StarMed clinical evidence

Published studies on the StarMed range of CPAP and NIV respiratory hoods. For more information on the full StarMed range, including information sheets, videos and enquiries, please visit https://www.intersurgical.com/info/starmed

The ‘‘helmet bundle” in COVID-19 patients undergoing non-invasive ventilation

Lucchini A, Giani M, Isgrò S, Rona R, Foti G. Intensive Crit Care Nurs. 2020;58:102859

The COVID-19 outbreak represents a new challenge for intensive care teams, and of particular importance is the limitation of virus aerosolisation during intubation, bronchoscopy and non-invasive ventilation. As a result, the use of helmet ventilation has been suggested for CPAP and pressure support ventilation to reduce the spread of the virus. This letter suggests a helmet CPAP bundle to improve the patient’s comfort during extended applications by reducing the noise with an HME filter, using counterweights attached to armpit straps to avoid discomfort , as well as implementing active humidification.

Link to abstract.

 

Helmet CPAP vs. oxygen therapy in severe hypoxemic respiratory failure due to pneumonia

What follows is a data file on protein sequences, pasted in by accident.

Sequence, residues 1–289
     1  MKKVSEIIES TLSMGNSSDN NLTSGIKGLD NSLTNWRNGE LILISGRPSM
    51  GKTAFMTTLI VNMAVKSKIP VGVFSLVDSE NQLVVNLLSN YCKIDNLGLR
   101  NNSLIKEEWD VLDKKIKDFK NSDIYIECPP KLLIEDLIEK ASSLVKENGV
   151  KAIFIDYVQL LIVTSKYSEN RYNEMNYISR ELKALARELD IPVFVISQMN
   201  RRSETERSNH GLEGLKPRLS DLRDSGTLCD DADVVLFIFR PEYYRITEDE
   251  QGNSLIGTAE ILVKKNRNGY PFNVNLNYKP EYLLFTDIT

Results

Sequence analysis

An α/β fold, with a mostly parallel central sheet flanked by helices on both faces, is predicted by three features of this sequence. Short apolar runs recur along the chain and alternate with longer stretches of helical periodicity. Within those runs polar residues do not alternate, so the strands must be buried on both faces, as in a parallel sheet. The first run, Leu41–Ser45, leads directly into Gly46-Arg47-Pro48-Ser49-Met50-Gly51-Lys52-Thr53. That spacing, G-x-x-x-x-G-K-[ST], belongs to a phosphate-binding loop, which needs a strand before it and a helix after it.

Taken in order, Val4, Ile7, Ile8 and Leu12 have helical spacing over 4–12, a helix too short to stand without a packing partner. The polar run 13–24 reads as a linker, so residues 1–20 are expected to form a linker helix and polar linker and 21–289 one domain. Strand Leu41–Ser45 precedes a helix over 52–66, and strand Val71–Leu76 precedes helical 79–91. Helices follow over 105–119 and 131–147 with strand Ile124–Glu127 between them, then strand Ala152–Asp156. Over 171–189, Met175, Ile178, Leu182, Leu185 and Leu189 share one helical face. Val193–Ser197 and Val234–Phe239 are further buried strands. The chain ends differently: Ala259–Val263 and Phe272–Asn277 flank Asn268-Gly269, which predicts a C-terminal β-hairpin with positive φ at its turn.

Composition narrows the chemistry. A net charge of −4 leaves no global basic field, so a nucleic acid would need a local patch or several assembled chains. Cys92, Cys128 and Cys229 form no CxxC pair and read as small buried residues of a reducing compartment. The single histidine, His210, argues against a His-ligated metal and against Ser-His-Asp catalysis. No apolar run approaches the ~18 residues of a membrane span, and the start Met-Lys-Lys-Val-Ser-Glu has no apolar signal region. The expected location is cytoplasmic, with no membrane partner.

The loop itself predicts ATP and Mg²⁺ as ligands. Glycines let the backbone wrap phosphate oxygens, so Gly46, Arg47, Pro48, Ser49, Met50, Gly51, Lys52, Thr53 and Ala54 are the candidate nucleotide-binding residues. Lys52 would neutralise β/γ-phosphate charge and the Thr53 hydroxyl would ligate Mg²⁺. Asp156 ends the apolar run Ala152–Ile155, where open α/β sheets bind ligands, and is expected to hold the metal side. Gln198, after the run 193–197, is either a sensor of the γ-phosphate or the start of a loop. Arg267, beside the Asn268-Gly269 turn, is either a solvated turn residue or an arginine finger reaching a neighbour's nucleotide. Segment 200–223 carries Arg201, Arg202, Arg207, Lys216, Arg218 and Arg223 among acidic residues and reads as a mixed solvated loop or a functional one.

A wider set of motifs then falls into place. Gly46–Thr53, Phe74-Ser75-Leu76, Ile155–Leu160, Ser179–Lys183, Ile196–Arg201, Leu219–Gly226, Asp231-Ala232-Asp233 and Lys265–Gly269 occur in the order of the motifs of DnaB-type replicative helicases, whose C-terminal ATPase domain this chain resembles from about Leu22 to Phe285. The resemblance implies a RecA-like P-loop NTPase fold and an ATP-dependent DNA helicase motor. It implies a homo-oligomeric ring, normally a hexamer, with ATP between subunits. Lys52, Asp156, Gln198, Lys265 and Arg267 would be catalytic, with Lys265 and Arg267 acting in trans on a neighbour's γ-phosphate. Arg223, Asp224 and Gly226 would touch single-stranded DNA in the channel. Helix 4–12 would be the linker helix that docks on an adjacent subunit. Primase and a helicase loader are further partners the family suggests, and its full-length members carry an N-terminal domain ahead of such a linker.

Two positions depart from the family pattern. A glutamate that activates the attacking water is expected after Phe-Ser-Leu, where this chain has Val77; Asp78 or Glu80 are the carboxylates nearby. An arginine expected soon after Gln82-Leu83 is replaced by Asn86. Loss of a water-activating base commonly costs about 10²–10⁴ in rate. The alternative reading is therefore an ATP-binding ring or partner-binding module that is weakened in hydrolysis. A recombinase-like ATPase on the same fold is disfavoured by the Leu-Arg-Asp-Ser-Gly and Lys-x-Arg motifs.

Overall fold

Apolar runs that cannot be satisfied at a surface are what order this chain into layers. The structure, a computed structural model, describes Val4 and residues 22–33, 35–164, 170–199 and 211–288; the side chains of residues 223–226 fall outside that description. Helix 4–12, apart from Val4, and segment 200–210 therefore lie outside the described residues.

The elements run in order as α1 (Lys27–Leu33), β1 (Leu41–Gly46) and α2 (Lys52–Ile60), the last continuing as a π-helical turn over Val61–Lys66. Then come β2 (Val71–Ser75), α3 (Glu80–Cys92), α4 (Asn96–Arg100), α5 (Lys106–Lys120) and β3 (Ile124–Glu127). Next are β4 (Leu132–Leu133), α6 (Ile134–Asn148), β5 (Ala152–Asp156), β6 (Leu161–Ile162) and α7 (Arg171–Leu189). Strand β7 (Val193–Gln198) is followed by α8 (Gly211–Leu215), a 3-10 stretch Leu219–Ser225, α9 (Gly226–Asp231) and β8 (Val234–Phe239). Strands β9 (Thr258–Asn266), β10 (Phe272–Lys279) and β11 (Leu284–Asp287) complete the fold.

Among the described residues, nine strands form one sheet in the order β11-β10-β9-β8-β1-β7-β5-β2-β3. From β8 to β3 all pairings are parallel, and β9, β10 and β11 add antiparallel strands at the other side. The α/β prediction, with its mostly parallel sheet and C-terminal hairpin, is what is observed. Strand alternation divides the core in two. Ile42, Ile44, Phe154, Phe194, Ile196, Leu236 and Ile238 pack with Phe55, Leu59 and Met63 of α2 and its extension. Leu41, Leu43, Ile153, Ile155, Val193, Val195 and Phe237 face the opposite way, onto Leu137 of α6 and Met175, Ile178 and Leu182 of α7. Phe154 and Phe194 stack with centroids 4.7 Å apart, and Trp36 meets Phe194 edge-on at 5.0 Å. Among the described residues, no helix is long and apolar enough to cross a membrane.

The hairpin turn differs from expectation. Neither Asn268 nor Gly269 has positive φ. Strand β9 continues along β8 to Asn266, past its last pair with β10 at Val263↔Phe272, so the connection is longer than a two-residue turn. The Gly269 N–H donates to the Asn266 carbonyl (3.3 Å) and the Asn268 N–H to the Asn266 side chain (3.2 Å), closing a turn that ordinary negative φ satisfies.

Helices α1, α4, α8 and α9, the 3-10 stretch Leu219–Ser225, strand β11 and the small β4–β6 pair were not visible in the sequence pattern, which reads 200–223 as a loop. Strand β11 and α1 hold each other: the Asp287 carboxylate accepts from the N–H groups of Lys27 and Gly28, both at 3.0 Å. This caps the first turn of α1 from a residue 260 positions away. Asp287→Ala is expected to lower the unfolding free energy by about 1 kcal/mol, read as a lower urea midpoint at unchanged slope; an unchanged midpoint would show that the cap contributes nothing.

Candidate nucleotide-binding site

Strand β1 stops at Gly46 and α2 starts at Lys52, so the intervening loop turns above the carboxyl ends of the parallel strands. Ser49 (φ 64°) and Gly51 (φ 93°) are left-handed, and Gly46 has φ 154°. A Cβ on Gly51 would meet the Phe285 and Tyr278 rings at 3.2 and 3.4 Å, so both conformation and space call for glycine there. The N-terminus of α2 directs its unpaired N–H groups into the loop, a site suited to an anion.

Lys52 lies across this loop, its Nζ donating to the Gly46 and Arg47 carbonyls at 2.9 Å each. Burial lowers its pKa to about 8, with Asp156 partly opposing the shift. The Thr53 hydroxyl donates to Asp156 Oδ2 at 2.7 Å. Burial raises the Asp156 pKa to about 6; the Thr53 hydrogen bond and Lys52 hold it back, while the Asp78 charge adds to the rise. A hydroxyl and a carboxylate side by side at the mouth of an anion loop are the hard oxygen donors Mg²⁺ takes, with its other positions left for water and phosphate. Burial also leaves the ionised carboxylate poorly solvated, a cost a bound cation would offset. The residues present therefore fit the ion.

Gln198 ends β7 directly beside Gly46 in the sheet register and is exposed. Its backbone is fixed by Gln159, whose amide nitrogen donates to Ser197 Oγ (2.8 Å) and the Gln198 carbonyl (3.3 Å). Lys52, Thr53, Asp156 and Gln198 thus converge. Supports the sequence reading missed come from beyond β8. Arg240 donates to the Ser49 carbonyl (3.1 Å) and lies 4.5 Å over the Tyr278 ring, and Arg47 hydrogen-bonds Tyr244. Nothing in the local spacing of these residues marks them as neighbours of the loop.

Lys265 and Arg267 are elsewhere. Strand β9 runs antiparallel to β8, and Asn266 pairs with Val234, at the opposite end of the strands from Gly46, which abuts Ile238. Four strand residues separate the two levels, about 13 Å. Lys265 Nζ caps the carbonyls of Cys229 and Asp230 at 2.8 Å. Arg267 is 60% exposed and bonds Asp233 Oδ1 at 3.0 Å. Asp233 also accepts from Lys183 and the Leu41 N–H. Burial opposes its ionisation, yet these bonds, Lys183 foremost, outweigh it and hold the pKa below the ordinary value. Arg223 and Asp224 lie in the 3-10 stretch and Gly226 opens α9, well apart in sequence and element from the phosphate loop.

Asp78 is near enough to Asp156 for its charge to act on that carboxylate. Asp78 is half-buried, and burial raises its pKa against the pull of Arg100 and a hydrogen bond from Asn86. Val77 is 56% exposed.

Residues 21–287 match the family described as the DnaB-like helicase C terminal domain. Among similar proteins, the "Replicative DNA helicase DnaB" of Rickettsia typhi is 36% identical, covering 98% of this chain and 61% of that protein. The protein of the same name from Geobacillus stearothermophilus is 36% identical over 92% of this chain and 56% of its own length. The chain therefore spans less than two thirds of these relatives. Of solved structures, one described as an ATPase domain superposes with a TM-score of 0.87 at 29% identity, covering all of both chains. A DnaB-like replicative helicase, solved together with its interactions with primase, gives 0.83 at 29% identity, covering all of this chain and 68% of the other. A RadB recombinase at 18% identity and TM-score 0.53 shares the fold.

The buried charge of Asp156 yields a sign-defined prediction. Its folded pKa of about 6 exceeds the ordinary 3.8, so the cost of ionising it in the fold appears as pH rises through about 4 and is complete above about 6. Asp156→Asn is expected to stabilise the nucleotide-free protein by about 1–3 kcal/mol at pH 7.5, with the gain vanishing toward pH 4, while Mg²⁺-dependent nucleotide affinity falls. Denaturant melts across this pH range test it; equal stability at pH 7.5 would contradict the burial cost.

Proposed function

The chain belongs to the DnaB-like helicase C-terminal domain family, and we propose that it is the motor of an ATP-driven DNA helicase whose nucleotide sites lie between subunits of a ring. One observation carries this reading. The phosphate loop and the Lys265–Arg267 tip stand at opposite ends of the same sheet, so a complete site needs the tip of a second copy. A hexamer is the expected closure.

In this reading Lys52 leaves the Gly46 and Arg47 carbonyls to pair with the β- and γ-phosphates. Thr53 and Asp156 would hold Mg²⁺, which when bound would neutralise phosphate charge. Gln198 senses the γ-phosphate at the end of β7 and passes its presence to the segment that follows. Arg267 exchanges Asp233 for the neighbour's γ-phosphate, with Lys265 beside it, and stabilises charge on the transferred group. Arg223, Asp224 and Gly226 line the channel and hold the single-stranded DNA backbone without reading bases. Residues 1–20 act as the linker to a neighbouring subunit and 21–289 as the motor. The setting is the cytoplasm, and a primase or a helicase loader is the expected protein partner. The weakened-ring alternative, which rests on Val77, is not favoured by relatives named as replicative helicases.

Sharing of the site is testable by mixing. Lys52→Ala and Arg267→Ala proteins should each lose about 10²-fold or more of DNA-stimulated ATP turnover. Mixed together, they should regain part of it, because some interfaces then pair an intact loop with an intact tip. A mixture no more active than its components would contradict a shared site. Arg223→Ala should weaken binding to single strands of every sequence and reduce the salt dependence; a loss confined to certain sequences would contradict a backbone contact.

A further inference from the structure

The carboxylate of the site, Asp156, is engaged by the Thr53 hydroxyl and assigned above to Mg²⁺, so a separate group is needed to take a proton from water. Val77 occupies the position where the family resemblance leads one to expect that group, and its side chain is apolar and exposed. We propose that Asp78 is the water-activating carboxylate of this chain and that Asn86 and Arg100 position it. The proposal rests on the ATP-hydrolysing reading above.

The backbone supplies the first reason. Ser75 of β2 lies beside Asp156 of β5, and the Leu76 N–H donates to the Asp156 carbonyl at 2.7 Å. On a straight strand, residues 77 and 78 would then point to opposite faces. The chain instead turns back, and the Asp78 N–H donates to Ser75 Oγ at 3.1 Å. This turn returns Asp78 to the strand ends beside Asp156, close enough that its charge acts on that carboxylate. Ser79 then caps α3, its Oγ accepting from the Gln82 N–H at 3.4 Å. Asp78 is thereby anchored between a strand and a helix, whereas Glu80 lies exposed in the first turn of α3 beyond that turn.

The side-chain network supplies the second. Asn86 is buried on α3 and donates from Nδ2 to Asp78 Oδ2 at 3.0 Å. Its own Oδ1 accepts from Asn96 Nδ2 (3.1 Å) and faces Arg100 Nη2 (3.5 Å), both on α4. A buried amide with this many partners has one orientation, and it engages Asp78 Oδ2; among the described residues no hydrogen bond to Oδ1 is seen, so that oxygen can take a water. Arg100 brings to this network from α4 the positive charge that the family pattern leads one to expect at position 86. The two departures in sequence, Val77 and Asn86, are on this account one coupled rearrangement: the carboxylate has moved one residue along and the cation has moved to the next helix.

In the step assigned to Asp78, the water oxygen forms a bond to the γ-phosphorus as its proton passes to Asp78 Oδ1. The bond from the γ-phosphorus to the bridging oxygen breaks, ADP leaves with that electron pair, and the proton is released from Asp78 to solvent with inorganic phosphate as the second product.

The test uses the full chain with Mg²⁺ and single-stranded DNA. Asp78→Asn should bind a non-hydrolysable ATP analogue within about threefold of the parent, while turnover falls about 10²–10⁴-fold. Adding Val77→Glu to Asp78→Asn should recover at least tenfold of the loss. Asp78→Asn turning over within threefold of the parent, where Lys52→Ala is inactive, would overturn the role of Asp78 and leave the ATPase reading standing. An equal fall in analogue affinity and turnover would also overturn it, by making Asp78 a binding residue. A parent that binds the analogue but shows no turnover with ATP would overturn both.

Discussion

Brambilla AM, Aliberti S, Prina E, Nicoli F, Forno MD, Nava S, Ferrari G, Corradi F, Pelosi P, Bignamini A, Tarsia P, Cosentini R. Intensive Care Med. 2014 Jul;40(7):942-9

Multi-centre, randomised controlled trial across four Italian centres. Patients split into helmet CPAP and Venturi mask groups. Primary end point was percentage of patients meeting criteria for ETI. Authors conclude helmet CPAP reduces the risk of meeting ETI criteria in this scenario.

Link to abstract.

Helmet continuous positive airway pressure vs oxygen therapy to improve oxygenation in community-acquired pneumonia: a randomized, controlled trial

Cosentini R, Brambilla AM, Aliberti S, Bignamini A, Nava S, Maffei A, Martinotti R, Tarsia P, Monzani V, Pelosi P.
Chest. 2010 Jul;138(1):114-20

Multi-centre, randomised controlled trial. 47 patients admitted to ED with moderate hypoxemic acute respiratory failure (ARF) due to community-acquired pneumonia (CAP) were split into helmet CPAP or standard oxygen therapy groups. Primary end point was time to reach PaO2/FiO2 ratio > 315. The proportion of patients who reached the primary end point was also recorded. Authors conclude that CPAP delivered by helmet rapidly improves oxygenation in this scenario.

Link to abstract.